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Autism Spectrum Disorder: The Power Of Inclusion, Research and Education

edCircuit Opinion

The Scientific American article For Children With Autism, Multiple Languages May Be A Boon raises an important point about the impacts of language education on children with autism.  In the United States, bilingual families with children on the autism spectrum have traditionally been advised to raise those children speaking only English.  But according to new research, this advice “only intensifies the alienation experienced by these children” by isolating them from their families, who may not speak English at home.

Indeed, recent studies have refuted a variety of misconceptions regarding children with autism, yet these children continue to be treated in ways that isolate and differentiate them from their peers.  The media is saturated with stories that show just how little people understand about these disorders, and how this lack of understanding adversely affects children with autism and their families. How can we better support children with complex disorders that we have yet to understand fully? In what ways should we alter our education system in order to benefit children with special needs?

At a Glance:

  • Difficulties bonding with others represents one of the core symptoms of autism
  • Kids with autism benefit tremendously when their community includes and engages them meaningfully in natural play and learning
  • Children with autism spectrum disorder should embrace multilingualism  

Around the Web:

What Real Inclusion For Kids With Autism Looks Like

Kathleen O’Grady | The Huffington Post

Getting to be a valued member of their community should be the norm for all kids -- but for kids with autism, it is too frequently not the case.

Media stories are full of parental struggles to get their kids with autism included in the larger community. Stories of exclusion from the public school system, from restaurants, from stores and airplanes are commonplace. The "no one came to my kid's birthday party" has become somewhat of a genre in autism circles. And, if you know any autism parents, you'll know the exclusion of autistic kids from extracurricular activities or field trips is a regular occurrence.

In other words, kids with autism are too often systematically excluded from their communities. But this has costs -- for everyone.

Here's what real inclusion looks like.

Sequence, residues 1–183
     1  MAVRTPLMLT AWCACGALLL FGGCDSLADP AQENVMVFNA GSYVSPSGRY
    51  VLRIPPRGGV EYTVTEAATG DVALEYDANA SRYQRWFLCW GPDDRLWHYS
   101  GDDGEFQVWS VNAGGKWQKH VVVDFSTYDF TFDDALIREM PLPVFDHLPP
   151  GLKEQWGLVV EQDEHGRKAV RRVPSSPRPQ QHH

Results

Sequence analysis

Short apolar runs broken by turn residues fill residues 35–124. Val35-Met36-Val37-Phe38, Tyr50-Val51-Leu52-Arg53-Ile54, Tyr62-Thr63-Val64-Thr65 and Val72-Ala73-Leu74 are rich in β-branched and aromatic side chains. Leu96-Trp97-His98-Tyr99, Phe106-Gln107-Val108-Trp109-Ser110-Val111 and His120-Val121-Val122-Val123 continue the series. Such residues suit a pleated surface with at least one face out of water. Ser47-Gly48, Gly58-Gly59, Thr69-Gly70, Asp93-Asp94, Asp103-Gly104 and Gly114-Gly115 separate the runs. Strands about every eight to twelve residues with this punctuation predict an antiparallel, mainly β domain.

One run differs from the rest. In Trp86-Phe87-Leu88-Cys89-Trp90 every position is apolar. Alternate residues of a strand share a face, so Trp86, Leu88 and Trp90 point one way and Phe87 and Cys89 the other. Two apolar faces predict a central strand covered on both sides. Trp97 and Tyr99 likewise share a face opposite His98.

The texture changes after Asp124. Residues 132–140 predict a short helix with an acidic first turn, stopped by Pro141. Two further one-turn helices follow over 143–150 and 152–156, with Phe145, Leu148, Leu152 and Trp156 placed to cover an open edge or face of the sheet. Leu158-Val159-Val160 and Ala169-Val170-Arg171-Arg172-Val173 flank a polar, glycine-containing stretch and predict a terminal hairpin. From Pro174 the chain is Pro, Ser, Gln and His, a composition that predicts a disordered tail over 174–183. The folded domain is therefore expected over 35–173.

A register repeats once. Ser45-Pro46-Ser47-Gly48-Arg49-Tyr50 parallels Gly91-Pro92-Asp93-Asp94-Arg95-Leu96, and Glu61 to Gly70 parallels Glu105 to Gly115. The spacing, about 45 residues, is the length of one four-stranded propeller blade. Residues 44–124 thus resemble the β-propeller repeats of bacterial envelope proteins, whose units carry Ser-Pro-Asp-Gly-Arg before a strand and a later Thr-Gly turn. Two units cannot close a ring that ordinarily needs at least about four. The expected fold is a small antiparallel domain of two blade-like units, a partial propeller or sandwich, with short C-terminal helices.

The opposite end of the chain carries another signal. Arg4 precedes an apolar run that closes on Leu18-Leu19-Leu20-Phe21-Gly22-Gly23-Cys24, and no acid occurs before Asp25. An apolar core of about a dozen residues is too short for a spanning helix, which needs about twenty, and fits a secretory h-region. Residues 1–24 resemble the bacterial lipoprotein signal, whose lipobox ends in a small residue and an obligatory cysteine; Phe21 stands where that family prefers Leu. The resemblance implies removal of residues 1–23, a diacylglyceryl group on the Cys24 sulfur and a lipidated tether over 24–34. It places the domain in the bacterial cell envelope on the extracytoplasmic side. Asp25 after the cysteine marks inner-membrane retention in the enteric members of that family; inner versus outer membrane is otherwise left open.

To read more visit The Huffington Post

No, autistic people do not have a "broken" mirror neuron system – new evidence

Helge Hasselmann | Research Digest

Scientists are still struggling to understand the causes of autism. A difficulty bonding with others represents one of the core symptoms and has been the focus of several theories that try and explain exactly why these deficits come about.

One of the more prominent examples, the broken mirror hypothesis, suggests that an impaired development of the mirror neuron system (MNS) is to blame. First observed in monkeys, mirror neurons are more active when you perform a certain action and when you see someone else engage in the same behavior – for example, when you smile or when you see someone else smile.

This “mirroring” has been hypothesized to help us understand what others are feeling by sharing their emotional states, although this is disputed. Another behavior that is thought to depend on an intact mirror neuron system is facial mimicry – the way that people spontaneously and unconsciously mimic the emotional facial expressions of others.

To read more visit Research Digest

For Children With Autism, Multiple Languages May Be A Boon

Ann Grisold | Scientific American

Oscar, 6, sits at the family dinner table and endures the loneliest hour of his day. The room bustles with activity: Oscar’s sister passes plates and doles out broccoli florets. His father and uncle exchange playful banter. Oscar’s mother emerges from the kitchen carrying a platter of carved meat; a cousin pulls up an empty chair.

“Chi fan le!” shouts Oscar’s older sister, in Mandarin Chinese. Time for dinner!

“Hao,” her grandfather responds from the other room. Okay.

Family members tell stories and rehash the day, all in animated Chinese. But when they turn to Oscar, who has autism, they speak in English.

“Eat rice,” Oscar’s father says. “Sit nice.”

Except there is no rice on the table. In Chinese, ‘eat rice’ can refer to any meal, but its meaning is lost in translation.

Pediatricians, educators, and speech therapists have long advised multilingual families to speak one language — the predominant one where they live — to children with autism or other developmental delays. The reasoning is simple: These children often struggle to learn a language, so they’re better off focusing on a single one.

However, there are no data to support this notion. In fact, a handful of studies shows that children with autism can learn two languages as well as they learn one, and might even thrive in multilingual environments.

To read more visit Scientific American

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